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Queensland worms, flies and lice update - November 2015

Texas: Noel O’Dempsey, Sheep Veterinary Consultant (odempseyn@gmail.com)

We received good rain in the district over the weekend (60 odd mm over three days in three storms).

Some people have received enough rain now to at least start thinking about restocking. Where are the sheep going to come from? NSW and points south is the obvious answer.

With this comes at least three issues that you will have to consider apart from paying for them:

Drench resistance— you do not want to buy drench resistance in the worms that come with the sheep you purchase. A good quarantine plan (including effective drenching) is required and should be in place before the sheep arrive. WormBoss has all you need to know.

Ovine Johnes Disease—be sure before you check that the sheep are eligible for entry into Queensland.

Sheep lice—most sheep purchased are a couple of months off-shears at inspection. Sheep lice are very difficult to find at this stage. Plan for purchased sheep to be lousy and be happy when they are not. A National Sheep Health Statement is a good starting point.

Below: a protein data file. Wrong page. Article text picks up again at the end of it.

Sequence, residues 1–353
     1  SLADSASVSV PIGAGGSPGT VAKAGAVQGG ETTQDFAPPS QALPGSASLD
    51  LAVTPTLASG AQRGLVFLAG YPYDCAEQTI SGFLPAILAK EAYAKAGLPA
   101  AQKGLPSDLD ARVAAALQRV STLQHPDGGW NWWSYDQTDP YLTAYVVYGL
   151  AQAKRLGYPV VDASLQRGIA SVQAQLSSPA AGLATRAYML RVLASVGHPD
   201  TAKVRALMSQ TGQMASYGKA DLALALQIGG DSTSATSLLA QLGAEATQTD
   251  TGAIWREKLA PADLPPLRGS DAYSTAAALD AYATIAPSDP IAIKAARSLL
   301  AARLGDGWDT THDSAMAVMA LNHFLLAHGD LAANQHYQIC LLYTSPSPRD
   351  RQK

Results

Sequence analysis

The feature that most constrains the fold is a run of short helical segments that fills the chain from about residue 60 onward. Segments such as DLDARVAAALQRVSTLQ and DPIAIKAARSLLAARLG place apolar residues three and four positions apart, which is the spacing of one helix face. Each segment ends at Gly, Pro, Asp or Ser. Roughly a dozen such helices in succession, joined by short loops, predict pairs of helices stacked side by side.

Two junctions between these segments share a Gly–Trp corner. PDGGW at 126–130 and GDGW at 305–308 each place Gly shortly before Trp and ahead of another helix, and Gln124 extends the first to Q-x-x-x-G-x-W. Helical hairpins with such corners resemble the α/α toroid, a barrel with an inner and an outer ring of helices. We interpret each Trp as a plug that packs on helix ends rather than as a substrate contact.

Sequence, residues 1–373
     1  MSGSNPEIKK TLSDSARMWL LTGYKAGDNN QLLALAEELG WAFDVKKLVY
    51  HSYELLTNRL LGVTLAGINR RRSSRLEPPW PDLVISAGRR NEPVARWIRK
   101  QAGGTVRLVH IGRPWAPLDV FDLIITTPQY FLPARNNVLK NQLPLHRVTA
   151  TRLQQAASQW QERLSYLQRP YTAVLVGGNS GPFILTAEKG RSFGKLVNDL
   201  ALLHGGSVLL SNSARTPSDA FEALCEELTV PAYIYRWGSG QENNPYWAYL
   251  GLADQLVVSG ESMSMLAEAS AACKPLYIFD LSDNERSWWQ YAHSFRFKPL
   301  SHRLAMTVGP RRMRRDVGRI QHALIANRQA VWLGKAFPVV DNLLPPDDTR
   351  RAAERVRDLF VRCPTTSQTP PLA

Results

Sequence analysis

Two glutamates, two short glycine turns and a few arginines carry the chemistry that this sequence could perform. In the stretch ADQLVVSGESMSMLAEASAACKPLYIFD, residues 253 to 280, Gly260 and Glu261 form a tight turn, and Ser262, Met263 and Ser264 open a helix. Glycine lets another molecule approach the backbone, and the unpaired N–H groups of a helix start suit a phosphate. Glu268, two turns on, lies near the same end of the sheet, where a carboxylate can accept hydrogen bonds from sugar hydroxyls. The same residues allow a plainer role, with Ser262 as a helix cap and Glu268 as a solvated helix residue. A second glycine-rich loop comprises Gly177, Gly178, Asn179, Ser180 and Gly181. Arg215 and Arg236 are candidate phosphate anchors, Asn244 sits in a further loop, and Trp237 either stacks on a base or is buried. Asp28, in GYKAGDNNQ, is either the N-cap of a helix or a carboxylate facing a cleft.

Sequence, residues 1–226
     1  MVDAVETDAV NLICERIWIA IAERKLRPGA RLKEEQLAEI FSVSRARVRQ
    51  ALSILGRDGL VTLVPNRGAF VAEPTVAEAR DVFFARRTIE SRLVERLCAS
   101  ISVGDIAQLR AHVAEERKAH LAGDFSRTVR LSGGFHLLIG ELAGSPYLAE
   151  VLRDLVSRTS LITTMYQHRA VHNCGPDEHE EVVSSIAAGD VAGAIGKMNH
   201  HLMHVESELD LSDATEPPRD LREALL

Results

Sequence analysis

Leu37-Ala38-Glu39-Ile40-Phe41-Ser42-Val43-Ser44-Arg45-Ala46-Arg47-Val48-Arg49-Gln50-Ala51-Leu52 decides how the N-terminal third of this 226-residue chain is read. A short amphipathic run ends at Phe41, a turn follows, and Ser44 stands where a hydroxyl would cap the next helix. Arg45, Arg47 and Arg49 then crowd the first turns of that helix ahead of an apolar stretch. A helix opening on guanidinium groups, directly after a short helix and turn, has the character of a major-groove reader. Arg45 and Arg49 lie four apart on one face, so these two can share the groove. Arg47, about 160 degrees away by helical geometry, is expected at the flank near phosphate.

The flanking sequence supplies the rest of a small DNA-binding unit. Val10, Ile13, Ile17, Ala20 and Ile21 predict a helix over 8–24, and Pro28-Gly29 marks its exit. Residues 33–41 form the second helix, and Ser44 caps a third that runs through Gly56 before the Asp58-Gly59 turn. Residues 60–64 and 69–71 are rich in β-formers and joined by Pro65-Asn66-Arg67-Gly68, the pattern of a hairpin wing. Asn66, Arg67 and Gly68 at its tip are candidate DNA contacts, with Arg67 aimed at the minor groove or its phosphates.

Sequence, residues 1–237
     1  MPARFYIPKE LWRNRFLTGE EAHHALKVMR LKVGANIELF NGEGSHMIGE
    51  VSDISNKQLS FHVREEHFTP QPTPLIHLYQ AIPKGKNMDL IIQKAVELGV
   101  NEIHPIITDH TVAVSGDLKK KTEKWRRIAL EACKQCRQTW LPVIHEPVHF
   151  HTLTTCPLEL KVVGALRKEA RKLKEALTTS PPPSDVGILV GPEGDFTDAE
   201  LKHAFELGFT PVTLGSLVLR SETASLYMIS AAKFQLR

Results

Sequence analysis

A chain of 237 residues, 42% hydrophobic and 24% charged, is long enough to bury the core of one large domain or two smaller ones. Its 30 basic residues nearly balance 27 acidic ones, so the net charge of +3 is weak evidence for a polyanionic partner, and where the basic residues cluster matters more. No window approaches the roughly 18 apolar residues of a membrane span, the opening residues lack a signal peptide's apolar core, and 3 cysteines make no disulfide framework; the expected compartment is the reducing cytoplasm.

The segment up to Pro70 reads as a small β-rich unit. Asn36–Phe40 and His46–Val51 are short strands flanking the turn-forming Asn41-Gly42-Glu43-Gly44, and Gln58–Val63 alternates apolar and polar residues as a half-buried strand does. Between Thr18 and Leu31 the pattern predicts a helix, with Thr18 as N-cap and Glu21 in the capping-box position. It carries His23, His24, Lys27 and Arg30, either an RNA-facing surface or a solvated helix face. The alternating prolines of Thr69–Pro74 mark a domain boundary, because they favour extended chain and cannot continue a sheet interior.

Longreach: Charlie Nolan, Program Manager Agribusiness, Longreach Pastoral College (charles.nolan@qatc.edu.au)

Across the Longreach area, there have been isolated showers of up to 200 mm reported across narrow strips of the semi-arid regions of Queensland. Some graziers downstream have running creeks and rivers across their parched rangelands after having recorded a nil rainfall over the past 6 months.

In the same period, Longreach Pastoral College reported 24 mm over the campus and less than 5 mm across its aggregate. The bush flies are herding the remaining sheep and cattle, which are now on a full hand feed program.

Our spring internal/external parasite control program has been actioned. Parasite control programs are a primary consideration for Longreach Pastoral College because the sheep and cattle are held in confined areas on a full supplementary feed program.

Across the region there are areas where storms did produce reasonable falls to stimulate pasture growth. Following such storms, sheep and cattle tend to graze in tight mobs on their preferred areas of emerging green, new pasture growth. Graziers should closely monitor their sheep and cattle for internal and external parasite levels and ensure that the appropriate control measures are in place to maximise production and mitigate any loss.